The problem of cooking for two depends to a great extent for its solution upon the ability to use left-overs attractively at successive meals. In using this surplus food, it is important to supply whatever is lacking. If it is dry it needs to be moistened; if it is hard it needs to be softened; if it is not of any particular flavor it needs to be well seasoned or mixed with something that will give it a distinctive and appetizing taste.

Sometimes it is Well to Keep Your Left-Overs Uncooked. For instance, if you have a steak that is too large for one meal, because in order to have it appetizing you had to have it cut fairly thick, cut out the heart or tenderloin and broil it, keeping the rest for a fresh-meat casserole the next day.

Any Small Pieces of Uncooked Meat may be made attractive by broiling on the skewer or preparing as a mixed grill or a mixed fried dish. For any of these there need be only a few small pieces of meat with accessories such as half a dozen mushrooms, a few slices of potato, an onion or two, small cubes of egg-plant or turnip or other vegetables, a few curls of bacon or a tiny sausage or two. To cook "en brochette" dip the small pieces of meat and vegetable in melted butter and impale them on the skewer. Bacon and sausage of course need no butter.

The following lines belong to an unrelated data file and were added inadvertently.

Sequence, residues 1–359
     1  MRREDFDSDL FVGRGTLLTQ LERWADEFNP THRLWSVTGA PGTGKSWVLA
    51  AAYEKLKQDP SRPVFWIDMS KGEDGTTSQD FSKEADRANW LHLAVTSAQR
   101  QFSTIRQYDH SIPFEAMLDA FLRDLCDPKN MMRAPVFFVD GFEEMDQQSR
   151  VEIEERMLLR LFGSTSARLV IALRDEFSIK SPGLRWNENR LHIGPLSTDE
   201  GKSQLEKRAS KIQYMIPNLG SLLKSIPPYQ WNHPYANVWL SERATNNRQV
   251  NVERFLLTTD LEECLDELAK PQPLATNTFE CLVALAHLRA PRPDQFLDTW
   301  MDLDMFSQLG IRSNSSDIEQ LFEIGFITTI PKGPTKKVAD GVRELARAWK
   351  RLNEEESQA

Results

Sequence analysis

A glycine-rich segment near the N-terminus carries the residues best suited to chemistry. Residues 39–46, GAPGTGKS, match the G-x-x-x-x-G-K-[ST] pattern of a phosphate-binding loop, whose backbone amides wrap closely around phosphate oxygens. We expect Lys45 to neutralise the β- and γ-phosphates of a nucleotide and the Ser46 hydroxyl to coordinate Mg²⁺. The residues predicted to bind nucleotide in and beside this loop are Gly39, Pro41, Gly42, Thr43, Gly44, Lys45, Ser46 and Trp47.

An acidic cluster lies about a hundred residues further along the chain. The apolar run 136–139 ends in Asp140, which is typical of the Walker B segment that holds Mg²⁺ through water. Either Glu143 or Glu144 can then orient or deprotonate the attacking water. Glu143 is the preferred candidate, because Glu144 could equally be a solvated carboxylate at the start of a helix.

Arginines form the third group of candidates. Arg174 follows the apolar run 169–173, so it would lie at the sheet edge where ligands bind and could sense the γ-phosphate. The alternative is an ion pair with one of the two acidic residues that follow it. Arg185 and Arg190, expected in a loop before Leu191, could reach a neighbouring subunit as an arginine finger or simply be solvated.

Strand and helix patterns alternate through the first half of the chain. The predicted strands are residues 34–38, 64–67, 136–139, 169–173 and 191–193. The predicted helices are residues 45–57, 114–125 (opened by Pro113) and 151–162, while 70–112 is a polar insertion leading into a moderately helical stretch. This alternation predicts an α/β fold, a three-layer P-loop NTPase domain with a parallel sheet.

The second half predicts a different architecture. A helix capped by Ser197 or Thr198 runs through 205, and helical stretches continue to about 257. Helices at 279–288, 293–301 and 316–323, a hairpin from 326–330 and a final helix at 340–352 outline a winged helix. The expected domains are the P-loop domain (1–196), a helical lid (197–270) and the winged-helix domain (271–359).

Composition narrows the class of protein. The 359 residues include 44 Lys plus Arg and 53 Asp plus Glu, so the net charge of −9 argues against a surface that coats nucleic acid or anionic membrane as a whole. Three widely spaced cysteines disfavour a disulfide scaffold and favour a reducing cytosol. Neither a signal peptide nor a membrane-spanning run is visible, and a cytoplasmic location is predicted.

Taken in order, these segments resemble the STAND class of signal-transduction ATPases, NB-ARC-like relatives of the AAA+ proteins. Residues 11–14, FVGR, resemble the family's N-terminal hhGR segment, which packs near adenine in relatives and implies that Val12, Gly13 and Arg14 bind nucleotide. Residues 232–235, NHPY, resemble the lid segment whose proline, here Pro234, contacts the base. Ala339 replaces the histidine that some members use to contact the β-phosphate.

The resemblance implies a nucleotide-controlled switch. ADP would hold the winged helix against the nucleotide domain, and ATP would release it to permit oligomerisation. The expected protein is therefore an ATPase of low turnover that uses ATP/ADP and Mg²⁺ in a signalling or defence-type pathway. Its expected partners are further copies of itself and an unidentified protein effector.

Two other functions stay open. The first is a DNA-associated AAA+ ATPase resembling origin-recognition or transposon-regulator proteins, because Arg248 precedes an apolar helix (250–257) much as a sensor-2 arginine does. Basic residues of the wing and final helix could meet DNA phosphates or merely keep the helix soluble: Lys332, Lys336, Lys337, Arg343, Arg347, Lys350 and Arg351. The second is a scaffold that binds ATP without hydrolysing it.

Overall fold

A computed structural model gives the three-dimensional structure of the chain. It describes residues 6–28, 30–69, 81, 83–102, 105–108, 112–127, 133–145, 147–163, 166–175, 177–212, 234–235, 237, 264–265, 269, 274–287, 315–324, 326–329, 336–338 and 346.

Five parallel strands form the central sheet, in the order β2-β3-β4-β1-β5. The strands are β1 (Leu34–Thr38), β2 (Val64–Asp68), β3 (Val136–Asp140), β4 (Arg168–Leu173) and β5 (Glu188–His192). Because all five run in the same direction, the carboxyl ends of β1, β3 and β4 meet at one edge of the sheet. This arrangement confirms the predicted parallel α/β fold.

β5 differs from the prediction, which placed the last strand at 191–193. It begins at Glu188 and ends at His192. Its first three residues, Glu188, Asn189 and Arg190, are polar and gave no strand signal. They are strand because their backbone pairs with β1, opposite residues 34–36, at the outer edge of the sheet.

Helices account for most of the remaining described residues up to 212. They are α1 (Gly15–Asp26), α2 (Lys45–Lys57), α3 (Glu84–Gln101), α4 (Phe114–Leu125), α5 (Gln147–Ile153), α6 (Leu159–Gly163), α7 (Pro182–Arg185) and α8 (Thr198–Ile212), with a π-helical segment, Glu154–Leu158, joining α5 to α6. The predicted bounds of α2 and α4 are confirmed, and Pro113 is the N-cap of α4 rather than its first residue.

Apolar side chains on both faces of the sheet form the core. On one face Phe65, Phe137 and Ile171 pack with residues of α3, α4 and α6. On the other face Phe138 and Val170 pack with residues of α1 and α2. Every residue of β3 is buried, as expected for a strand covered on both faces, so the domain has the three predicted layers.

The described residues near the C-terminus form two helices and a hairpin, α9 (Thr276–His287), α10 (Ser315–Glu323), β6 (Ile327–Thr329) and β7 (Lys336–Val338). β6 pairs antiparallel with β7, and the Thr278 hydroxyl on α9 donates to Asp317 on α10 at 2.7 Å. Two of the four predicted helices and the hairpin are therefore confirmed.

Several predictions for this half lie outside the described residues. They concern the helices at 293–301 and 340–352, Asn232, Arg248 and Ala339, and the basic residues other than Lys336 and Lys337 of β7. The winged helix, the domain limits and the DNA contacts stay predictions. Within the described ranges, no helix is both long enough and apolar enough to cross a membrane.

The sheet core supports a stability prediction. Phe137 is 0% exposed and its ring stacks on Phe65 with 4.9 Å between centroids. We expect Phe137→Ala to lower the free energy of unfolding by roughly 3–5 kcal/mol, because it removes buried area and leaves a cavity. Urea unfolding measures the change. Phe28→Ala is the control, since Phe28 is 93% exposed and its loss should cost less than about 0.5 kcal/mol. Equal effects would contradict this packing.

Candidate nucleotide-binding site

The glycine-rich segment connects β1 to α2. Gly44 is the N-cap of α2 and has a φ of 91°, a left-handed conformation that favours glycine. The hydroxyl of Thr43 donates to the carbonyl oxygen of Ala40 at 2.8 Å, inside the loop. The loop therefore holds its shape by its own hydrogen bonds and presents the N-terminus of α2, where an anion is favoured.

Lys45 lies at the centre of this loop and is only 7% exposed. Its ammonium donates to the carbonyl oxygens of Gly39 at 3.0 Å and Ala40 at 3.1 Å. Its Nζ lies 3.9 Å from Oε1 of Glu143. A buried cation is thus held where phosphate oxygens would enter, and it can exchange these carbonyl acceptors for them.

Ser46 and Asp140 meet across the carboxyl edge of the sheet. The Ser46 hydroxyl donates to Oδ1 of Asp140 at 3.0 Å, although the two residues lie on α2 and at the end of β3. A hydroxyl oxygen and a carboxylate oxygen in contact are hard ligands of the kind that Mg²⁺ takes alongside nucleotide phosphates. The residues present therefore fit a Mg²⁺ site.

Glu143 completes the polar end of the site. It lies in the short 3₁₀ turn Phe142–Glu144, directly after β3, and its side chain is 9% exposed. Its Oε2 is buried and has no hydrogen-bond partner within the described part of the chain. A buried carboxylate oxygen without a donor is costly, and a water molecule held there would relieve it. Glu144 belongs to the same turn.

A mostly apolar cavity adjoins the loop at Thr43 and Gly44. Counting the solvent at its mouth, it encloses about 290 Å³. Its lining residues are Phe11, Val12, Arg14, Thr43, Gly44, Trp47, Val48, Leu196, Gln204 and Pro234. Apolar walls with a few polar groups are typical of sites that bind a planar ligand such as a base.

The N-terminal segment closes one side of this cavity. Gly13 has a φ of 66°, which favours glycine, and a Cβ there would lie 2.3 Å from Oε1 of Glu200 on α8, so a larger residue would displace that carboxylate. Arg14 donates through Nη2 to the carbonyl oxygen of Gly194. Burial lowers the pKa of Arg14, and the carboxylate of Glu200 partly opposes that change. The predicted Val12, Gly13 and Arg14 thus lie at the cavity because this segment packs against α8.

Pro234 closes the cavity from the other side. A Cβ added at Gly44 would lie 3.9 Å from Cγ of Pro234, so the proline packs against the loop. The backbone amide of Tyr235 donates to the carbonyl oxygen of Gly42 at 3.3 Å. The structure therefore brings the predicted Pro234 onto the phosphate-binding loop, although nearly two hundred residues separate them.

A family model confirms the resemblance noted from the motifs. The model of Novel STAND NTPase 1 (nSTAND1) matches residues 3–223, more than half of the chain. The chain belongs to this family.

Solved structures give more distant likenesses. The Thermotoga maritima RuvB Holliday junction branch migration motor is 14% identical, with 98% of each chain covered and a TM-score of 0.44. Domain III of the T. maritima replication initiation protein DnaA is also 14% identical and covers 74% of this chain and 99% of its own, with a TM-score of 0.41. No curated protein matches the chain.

Put the skewer on the broiling rack and broil, turning occasionally. For a mixed grill, any meat or vegetable that can be put under the broiler may be used. Slices of tomato, eggplant and pineapple give interesting variety.